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Original Research: CYSTIC FIBROSIS |

Correlation of Chest Radiograph Pattern With Genotype, Age, and Gender in Adult Cystic Fibrosis*: A Single-Center Study

Vaidehi Kaza, MD; Marcia F. Katz, MD; Suzanne Cumming, RN; Adaani E. Frost, MD, FCCP; Zeenat Safdar, MD, FCCP
Author and Funding Information

*From the Division of Pulmonary-Critical Care Medicine, Baylor College of Medicine, Houston, TX.

Correspondence to: Zeenat Safdar, MD, FCCP, Assistant Professor of Medicine, Baylor College of Medicine, 6620 Main St, Suite 11B, Houston, TX 77030; e-mail: safdar@bcm.edu



Chest. 2007;132(2):569-574. doi:10.1378/chest.06-3082
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Introduction: Cystic fibrosis (CF) is a common lethal genetic disorder. The aim of this study was to determine the common chest radiograph (CXR) patterns in adult CF, and correlate disease distribution on CXRs with genotype, age, and gender.

Methods: One hundred nine CF patients treated at Baylor Adult Cystic Fibrosis Center were identified. The intake CXR was reviewed and characterized as diffuse bilateral (DB), unilateral, upper lobe (UL), and lower lobe (LL) disease, or relatively normal. Lack of intake CXR, and/or genotype excluded 41 patients from analysis.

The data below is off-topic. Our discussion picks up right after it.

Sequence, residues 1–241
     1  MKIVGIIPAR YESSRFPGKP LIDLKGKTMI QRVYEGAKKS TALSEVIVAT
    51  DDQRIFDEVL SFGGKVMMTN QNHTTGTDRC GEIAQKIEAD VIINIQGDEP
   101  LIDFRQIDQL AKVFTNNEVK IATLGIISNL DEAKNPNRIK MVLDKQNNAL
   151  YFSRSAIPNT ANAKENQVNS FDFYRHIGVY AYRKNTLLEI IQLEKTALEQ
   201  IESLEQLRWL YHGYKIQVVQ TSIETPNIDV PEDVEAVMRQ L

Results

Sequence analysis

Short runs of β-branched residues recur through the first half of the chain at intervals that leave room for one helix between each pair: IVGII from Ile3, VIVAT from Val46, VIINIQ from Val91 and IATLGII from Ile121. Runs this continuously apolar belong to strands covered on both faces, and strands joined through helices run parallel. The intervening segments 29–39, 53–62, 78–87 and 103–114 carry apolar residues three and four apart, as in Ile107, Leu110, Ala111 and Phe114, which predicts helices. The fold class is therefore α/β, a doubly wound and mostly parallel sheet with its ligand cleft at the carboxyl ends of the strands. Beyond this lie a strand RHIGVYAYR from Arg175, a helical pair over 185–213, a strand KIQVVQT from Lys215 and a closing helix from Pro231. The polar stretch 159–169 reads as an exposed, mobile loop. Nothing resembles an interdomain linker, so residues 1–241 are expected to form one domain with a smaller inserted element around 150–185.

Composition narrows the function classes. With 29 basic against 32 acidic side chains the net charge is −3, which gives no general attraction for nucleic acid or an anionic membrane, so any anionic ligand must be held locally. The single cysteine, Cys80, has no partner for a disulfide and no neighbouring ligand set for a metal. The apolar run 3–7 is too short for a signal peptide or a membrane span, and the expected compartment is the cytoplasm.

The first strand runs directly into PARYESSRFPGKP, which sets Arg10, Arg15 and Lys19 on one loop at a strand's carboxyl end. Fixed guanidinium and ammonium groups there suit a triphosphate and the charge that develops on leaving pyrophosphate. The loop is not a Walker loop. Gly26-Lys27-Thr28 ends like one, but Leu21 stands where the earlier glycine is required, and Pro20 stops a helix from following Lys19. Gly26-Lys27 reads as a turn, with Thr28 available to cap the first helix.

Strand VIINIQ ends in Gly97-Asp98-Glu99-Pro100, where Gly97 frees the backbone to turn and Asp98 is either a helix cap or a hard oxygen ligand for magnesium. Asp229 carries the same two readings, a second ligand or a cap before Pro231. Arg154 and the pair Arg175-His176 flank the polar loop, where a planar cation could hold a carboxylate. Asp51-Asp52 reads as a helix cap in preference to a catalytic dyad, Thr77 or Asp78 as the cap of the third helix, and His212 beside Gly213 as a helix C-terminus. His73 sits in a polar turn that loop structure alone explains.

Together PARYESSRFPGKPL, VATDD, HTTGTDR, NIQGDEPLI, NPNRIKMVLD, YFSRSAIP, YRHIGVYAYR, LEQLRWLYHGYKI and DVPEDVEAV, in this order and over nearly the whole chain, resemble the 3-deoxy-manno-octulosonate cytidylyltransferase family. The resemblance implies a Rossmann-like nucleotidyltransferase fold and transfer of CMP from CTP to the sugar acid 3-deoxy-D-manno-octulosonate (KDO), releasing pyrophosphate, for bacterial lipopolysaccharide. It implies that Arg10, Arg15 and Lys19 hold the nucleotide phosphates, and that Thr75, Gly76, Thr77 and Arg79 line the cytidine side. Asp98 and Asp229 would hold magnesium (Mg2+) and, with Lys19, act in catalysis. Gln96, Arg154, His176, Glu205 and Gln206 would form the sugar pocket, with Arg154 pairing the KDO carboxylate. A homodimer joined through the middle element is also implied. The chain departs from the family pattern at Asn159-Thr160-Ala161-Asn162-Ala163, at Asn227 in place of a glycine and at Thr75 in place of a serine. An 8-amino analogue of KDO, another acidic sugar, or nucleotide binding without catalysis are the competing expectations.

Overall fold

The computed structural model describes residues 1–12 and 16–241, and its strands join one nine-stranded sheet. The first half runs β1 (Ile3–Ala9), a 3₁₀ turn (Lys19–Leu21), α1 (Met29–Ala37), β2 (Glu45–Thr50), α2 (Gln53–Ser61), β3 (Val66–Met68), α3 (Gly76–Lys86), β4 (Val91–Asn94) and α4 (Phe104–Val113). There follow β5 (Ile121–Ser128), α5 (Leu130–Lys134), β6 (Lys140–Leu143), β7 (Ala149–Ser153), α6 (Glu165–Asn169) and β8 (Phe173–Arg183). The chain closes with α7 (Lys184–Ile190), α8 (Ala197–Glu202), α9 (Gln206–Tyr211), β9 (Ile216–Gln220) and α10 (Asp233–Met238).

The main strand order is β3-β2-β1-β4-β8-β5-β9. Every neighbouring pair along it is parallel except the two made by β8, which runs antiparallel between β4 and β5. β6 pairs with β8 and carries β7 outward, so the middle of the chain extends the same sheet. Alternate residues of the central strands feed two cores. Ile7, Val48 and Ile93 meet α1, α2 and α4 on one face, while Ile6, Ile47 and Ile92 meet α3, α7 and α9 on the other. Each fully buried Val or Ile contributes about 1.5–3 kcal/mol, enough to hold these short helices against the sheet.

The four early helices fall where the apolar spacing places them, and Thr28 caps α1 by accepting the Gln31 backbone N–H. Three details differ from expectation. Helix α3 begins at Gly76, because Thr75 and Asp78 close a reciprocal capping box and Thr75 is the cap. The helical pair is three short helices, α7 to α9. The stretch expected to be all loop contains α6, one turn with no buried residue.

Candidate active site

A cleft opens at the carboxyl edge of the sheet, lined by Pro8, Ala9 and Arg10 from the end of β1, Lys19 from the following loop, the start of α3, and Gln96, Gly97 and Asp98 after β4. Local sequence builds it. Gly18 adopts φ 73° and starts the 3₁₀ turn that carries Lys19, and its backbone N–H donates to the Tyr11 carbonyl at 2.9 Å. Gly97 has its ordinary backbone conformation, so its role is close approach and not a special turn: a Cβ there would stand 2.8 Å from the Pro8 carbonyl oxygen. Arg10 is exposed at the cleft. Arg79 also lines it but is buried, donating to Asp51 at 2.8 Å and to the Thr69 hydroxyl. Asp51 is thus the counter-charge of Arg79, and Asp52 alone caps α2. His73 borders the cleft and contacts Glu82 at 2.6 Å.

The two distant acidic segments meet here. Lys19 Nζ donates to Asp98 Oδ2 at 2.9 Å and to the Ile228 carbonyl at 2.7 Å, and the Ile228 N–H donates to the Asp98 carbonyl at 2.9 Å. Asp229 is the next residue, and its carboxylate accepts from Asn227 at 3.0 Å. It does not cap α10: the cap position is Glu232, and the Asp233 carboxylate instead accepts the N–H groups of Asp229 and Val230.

Results: Of 68 patients, 38 were homozygous for ΔF508 and 30 were heterozygous. Mean age of the population was 30 ± 8 years (± SD) [range, 18 to 48 years]. The most common CXR pattern was DB; 62% had DB, 28% had UL, and 7% had LL predominance. This is in contrast to the UL-predominant CXR pattern commonly described in the pediatric population. In 18 DB patients, archived pediatric films were available, and the average patient age was 15.7 years. DB pattern was present in 16 of 18 CXRs that antedated adult intake CXRs by an average of 12.7 years. Homozygous ΔF508 genotype was identified in 56% of patients and did not distinguish radiologic phenotypes. There was no association between radiograph pattern and identified infecting/colonizing organisms and percentage of predicted FEV1.

Conclusions: CF has commonly been reported as an UL disease. However, in this study of adult patients, the common pattern observed was DB. A small subgroup analysis suggests that DB disease was not a pattern of disease evolution but may be present from disease onset.

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